A bump in overdrafts in the third quarter suggests that more Americans are struggling to make ends meet.
Lenders took in an annualized $31.8 billion in overdraft income a 1.6% increase from the previous period, according to a quarterly report from economic research firm Moebs Services. While average overdraft fees held steady at $30, consumers overdrew their accounts more frequently. The average customer overdrew his or her account 7.1 times annually, compared to an average of seven times in the previous period.
Americans have had a harder time covering expenses as they feel the effects of the government shutdown and automatic tax increases dating back to the beginning of 2013, according to the firm's chief executive Michael Moebs.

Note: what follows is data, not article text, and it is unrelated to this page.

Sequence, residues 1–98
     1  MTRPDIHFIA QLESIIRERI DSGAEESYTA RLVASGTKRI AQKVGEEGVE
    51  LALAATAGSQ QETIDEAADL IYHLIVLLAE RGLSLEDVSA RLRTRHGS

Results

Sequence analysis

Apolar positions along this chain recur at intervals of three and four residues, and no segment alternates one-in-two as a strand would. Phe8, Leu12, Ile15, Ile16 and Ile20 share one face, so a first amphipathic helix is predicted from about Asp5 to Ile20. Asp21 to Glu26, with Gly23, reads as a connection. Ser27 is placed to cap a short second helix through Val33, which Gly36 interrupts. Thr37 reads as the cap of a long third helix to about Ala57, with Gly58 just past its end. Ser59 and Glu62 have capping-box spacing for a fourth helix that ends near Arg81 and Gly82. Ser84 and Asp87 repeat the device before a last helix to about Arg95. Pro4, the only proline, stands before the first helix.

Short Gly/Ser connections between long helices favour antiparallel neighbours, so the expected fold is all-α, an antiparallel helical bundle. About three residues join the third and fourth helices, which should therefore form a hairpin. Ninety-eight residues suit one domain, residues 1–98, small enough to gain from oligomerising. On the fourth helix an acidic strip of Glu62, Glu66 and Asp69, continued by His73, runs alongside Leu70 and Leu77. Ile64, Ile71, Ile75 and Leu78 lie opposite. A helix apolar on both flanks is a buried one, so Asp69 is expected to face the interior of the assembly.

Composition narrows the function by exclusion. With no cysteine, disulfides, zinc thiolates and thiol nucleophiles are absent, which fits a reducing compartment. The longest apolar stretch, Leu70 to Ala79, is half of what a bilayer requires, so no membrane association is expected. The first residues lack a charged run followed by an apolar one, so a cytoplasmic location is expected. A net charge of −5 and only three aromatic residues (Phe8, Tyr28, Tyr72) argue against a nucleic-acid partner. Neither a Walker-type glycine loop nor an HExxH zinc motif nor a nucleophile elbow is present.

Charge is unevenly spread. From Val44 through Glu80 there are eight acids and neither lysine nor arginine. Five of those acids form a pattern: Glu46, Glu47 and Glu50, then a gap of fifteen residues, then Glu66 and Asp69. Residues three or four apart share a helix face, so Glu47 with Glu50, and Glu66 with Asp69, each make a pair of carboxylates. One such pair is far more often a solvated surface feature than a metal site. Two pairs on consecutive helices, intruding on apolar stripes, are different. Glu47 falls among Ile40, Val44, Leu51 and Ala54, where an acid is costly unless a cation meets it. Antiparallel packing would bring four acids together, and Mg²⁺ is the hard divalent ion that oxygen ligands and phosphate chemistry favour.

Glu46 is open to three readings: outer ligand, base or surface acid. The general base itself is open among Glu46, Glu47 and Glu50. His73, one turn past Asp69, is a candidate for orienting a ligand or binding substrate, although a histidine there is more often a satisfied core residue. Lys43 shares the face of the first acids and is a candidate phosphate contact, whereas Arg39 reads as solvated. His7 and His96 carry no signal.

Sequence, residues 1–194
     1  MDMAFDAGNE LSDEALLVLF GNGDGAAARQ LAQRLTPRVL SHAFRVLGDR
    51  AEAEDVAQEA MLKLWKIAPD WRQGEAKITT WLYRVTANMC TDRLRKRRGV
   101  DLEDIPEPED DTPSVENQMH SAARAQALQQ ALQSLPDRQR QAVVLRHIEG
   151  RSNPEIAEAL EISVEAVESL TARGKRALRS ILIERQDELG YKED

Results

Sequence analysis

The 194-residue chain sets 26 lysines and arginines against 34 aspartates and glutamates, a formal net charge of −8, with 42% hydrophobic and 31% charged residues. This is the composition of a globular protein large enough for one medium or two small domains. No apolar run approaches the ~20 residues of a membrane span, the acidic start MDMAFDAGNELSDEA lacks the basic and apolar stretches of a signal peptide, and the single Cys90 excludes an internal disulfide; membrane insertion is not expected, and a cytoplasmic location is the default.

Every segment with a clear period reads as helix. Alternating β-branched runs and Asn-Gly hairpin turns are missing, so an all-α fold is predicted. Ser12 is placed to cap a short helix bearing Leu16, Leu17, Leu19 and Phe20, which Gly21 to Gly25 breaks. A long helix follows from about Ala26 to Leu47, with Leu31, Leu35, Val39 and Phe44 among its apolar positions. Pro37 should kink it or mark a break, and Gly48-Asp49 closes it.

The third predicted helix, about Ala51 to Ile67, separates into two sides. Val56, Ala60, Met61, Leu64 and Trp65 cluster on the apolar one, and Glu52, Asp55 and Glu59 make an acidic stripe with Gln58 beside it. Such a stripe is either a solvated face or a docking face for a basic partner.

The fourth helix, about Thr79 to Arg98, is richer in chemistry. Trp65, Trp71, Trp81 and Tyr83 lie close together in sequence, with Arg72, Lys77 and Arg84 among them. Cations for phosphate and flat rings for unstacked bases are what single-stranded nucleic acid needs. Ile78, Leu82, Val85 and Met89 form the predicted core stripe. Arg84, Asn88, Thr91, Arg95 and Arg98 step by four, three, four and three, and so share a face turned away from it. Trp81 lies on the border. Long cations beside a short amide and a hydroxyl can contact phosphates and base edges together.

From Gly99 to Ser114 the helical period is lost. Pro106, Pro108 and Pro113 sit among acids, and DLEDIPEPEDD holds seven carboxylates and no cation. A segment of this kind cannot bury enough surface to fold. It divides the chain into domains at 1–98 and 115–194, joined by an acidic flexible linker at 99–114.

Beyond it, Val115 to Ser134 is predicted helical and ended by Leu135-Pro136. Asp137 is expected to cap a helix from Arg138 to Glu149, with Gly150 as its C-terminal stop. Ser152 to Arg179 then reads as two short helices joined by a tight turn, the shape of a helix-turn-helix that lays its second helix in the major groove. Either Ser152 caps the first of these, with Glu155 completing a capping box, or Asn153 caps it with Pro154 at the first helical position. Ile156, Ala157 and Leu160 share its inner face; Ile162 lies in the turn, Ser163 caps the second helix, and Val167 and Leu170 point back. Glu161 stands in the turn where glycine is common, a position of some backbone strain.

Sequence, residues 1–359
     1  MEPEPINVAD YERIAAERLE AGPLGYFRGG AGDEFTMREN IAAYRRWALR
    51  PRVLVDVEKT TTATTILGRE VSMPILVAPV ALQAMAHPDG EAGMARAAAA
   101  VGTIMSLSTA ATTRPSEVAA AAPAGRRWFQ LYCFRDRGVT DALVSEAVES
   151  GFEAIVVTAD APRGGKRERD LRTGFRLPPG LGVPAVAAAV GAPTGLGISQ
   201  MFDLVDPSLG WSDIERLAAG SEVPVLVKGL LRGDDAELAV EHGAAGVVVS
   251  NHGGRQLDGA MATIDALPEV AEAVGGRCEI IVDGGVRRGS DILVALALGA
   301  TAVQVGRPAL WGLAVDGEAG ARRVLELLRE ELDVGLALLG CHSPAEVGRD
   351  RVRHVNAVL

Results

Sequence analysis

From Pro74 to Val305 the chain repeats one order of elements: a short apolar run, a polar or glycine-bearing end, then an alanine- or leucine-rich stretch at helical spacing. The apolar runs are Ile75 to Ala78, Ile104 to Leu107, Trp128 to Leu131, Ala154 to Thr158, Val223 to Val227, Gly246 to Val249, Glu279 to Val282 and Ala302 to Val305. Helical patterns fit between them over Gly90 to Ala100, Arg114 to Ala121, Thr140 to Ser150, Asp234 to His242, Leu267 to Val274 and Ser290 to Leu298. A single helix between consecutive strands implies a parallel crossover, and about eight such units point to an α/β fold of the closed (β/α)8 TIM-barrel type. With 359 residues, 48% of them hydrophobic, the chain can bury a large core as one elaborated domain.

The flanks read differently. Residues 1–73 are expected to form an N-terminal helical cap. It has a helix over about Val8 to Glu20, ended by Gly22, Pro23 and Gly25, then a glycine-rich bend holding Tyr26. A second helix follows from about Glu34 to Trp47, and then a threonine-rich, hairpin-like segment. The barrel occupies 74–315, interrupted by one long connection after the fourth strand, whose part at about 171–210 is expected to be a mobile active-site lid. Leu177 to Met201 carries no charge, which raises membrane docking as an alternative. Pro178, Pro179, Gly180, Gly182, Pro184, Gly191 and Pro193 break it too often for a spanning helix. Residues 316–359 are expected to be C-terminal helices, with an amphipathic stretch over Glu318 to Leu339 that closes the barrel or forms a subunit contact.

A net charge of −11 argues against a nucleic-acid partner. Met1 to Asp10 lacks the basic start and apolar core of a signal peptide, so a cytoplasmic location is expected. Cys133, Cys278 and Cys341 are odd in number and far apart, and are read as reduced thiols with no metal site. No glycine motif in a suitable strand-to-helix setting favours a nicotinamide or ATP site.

As Americans respond to "uncertain economic times," they are "having a harder and harder time keeping the checkbook balanced," Moebs said in the release.
While overdraft fees can have a big impact on individual customers, Moebs says that the quarterly increases in revenue and volume won't make a big difference to lenders.
"The slight uptick in overdraft revenue does not add much to a financial institution's bottom line" compared to cost control and lower expenses, Moebs said in the release.
The report drew data from a number of sources, including a representative survey of roughly 2,890 financial institutions as well as figures from the Federal Deposit Insurance Corp., the Office of the Comptroller of the Currency and the Federal Reserve.